The Clinical Nurse Specialist

It is suggested by Hunt (1999) in the UK nurses have 'specialised' since the Nightingale era. But the Clinical Nurse Specialist role as it is today began to appear in the United States in the 1930s. It didn't reach the UK until the 1980s, and has continued to evolve across a wide range of specialties (Bous-field, 1997). Although role development has been ad hoc (Gibson & Bamford, 2001), it was expected that one should have considerable experience in the field and a post-registration qualification. In the USA Clinical Nurse Specialists are educated to Master's degree level, and it is considered that they are 'advanced practice nurses'. Gibson and Bamford (2001) suggested that there is a lack of evidence in the UK to support Master's education for nurse specialists, while Bousfield proposed (1997) that the literature suggests that, for role recognition to occur, practitioners would need to be educated to an advanced level. A brief appraisal of the literature yields a broad consensus of opinion on the key components of the Clinical Nurse Specialist role, identifying the four main themes as follows: clinical, consultative, educational and research roles.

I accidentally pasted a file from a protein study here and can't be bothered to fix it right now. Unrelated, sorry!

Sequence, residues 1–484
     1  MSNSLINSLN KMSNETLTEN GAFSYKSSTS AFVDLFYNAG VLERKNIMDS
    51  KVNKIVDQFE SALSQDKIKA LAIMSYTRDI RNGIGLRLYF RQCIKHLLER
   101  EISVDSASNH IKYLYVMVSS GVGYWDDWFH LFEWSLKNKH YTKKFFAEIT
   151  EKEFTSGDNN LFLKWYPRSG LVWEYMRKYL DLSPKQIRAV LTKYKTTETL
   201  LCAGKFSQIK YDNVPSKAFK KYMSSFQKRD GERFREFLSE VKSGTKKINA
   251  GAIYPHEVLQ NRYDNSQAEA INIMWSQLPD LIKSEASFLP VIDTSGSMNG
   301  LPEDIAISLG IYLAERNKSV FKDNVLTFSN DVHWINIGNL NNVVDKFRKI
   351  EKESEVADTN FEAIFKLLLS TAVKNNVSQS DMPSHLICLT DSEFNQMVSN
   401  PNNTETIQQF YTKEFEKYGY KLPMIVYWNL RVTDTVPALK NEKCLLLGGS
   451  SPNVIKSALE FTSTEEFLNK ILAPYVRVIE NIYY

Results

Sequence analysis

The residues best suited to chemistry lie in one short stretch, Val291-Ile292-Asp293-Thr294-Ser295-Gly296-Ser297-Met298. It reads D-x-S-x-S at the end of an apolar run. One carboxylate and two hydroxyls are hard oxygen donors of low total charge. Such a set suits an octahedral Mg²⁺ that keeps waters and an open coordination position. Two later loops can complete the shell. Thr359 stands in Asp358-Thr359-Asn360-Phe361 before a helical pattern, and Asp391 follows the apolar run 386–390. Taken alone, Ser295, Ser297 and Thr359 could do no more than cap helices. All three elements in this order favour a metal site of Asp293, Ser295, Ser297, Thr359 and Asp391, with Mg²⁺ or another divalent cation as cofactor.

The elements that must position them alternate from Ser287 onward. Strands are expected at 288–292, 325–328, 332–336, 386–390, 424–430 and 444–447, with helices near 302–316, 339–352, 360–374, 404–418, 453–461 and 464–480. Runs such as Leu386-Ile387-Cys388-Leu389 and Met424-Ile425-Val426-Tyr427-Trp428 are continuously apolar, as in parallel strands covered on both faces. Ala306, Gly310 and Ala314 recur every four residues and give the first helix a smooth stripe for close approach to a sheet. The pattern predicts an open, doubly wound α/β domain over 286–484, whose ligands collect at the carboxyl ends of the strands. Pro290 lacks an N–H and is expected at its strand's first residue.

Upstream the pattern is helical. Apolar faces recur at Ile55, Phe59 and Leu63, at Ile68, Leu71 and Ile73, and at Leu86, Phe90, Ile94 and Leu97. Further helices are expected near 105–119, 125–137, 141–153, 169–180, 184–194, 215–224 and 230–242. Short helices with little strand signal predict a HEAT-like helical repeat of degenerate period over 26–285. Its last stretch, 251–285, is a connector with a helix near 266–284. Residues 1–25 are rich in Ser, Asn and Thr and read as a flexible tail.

However, some of the other components that were identified from the literature were those of Role Model (Wright, 1997), Leader (Bousfield, 1997), Patient Advocate (Wright, 1997; Bousfield, 1997), Change Agent (Ormond-Walshe & Newham, 2001; Wright, 1997), Developer of Procedures and Protocols (McCreaddie, 2001) or Administrator (McCreaddie, 2001; Gibson & Bamford, 2001). These other very different key components could be attributed, as was mentioned earlier, to the fact that specific aspects of the role would depend on the practice setting and client group (Kleinpell, 1998). Sidani & Irvine (1999) did, however, determine that prescribing pharmacological treatments was beyond the Clinical Nurse Specialist's scope of practice.


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